Eggs Benedict Casserole

 Usually, when you make classic Eggs Benedict, you make it in individual servings. You have your toasted English muffins, topped with ham or Canadian Bacon and a poached egg, drizzled with a rich and decadent Hollandaise sauce. DELICIOUS!! The only problem is that it doesn't exactly lend itself to feeding a crowd.
 Well, leave it to my fabulous sister Jeanie to find a recipe for Eggs Benedict that DOES feed a crowd! I mean, it stands to reason. She pretty much feeds the whole world with all the cooking she does. And she knows everything about everything. Let me put it this way....Lots of people come to me whenever they have a cooking question. Well, Jeanie is person I call when I have a cooking question. She's just amazing.
 Anyway, when we had our big Easter Brunch, she brought this dish and it was a HUGE hit. SWOOSH! There was nothing left. The recipe is pretty easy! And it's a total do-ahead, so it's a time saver too. I love that. I can't remember where she found it (somewhere on Pinterest, I think), but I'll still give her the credit for it. So, make this the next time you're feeding a crowd at brunch, or any holiday when you wanna serve a nice breakfast. (Christmas, anyone??) It's Delish!!
Thanx My Jeanie!!

3/4 lb Canadian Bacon, chopped
6 English muffins, split, toasted, and cut into 1" pieces
8 eggs
2 cups milk
1 tsp onion powder
1/4 tsp paprika

4 egg yolks
1/2 cup heavy cream
2 tbs lemon juice
1 tsp Dijon mustard
1/2 cup butter, melted

 Place half the bacon in a greased 9x13 baking dish. Top with English muffins and remaining bacon. In a large bowl, whisk the eggs, milk, and onion powder. Pour over the top. Cover and refrigerate overnight.
 Remove from refrigerator 30 minutes before baking. Sprinkle with paprika. Cover and bake 375ºF for 35 minutes. Uncover and bake 10-15 minutes longer or until a knife inserted near the center comes out clean.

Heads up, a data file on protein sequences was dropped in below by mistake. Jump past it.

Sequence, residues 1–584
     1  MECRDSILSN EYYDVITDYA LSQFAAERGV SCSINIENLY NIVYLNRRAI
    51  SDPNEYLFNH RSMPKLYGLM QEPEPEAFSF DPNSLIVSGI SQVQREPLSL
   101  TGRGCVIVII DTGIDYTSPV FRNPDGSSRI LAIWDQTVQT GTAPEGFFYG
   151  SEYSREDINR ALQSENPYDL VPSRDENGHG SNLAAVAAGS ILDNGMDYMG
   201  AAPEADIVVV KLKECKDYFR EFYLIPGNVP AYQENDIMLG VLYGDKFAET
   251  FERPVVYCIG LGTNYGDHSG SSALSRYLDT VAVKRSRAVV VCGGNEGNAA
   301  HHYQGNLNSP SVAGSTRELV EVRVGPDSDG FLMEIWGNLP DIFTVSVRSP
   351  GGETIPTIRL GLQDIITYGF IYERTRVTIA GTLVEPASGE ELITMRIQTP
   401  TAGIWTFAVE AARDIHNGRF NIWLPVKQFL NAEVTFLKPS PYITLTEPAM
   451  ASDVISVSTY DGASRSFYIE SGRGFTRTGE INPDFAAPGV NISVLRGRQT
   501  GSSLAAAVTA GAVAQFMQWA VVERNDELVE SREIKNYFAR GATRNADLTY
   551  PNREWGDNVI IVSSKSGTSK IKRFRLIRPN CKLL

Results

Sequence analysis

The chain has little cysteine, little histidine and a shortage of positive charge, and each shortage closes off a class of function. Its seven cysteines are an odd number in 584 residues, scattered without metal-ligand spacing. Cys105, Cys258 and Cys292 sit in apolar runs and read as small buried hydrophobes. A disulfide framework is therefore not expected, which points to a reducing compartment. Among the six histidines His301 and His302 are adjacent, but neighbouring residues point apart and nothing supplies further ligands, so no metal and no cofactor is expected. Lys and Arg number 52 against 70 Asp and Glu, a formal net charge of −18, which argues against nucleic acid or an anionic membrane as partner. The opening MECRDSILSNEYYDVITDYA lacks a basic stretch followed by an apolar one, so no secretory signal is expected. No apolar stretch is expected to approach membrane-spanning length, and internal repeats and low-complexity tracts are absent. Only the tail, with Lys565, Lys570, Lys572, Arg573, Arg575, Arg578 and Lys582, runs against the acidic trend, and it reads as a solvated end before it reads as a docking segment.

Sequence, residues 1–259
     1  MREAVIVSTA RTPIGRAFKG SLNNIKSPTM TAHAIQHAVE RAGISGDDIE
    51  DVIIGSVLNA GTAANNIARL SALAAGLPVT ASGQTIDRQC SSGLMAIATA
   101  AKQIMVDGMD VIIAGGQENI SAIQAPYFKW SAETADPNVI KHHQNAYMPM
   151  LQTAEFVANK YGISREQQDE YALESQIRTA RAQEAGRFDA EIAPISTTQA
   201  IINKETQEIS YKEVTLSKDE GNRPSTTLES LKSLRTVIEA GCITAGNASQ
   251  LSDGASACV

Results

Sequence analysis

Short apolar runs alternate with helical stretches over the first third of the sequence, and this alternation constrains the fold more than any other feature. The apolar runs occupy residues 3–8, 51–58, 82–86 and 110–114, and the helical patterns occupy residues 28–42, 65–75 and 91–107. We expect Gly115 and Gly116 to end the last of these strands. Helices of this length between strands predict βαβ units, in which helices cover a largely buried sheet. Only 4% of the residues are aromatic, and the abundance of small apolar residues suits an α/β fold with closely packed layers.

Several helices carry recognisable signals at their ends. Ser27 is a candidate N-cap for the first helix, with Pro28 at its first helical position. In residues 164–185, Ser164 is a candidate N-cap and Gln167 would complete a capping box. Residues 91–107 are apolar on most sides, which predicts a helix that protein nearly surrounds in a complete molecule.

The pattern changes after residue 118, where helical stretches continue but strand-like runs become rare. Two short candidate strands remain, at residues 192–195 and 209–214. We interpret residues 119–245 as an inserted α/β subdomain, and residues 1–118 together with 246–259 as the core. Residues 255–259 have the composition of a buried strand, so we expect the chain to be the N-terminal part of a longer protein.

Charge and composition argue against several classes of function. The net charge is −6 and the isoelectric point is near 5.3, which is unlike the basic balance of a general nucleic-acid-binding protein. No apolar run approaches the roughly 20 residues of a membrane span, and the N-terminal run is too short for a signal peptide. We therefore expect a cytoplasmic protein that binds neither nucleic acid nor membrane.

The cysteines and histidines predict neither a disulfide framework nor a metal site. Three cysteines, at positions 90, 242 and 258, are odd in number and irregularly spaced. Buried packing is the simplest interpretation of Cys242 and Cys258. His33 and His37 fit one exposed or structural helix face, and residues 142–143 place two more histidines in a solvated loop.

In a double boiler or metal bowl over simmering water, constantly whisk the egg yolks, cream, lemon juice, and mustard until mixture reaches 160º or until it's thick enough to coat the back of a spoon. Reduce heat to low. Slowly drizzle in warm butter, whisking constantly. Serve immediately with casserole.

Instead of using this sauce recipe, you could always just make a regular classic Hollandaise Sauce. It's basically the same, though.
Don't have Canadian Bacon? Use regular diced ham instead.
I noticed that there's no salt and pepper added. If I were making this, I'd probably throw some in. Yes, I know the bacon is salty, but I'd still probably add more. Just sayin.
Jeanie told me that the only thing she did differently was that she buttered the English muffins before cutting them up and adding them to the casserole. Obviously. I mean, why wouldn't you???

Monday, May 5, 2014

How to Make Homemade Mayonnaise

  Have you ever made your own homemade mayonnaise? It's SO good! And it's not as difficult as you might think. It's actually quite easy, especially if you have a food processor. Also I think homemade mayonnaise is much better for you, since you don't have all the artificial stuff that is in purchased mayonnaise (at least, that's what I once read in an article). Anyway, it only takes a minute to make and it uses just regular ingredients that you probably already have on hand. Simple! Btw, Yes, you can do it by hand with a whisk, but that's just FAR too much work, in my opinion.
  So here you go. I explain everything in the video, but here's the recipe anyway. Thanx again to Kelsie for being my special guest, and also big thanx to AJ for being the videographer! And remember, like I always say, it's better when YOU make it!!

1 tsp salt
1 tsp sugar
1 tsp brown mustard
2 whole eggs, room temp
2 tbs vinegar
2 cups oil

  Place all ingredients except the oil in a food processor. Turn the processor on, and then VERY slowly drizzle the oil into the egg mixture, just a few drops at a time. After you've drizzled about 1/4 cup of oil, you can pour it in a slow steady stream. When all the oil is incorporated, it's finished! Store in the fridge in an airtight container.

 -For a little variation, add some garlic or horseradish before you add the oil Yum!
-Instead of regular white vinegar, I've tried it with lemon juice, cider vinegar, red wine vinegar. My favorite was the regular white vinegar.
 -Instead of brown mustard, sometimes I like to use Dijon mustard. Either one works!
 -If you're counting carbs, you can use Splenda or simply omit the sugar altogether. On the flip side, if you like a sweeter mayonnaise (more like Miracle Whip), you can add a little more sugar to taste.
 -If you're concerned about eating raw eggs, you can absolutely use pasteurized eggs such as Egg Beaters. It turns out exactly the same and you can't even tell the difference. Just use 1/4 cup per egg.
 -I was asked how long it lasts in the fridge, and quite frankly, I have no idea. It's always gone in no time, and then I have to make a new batch!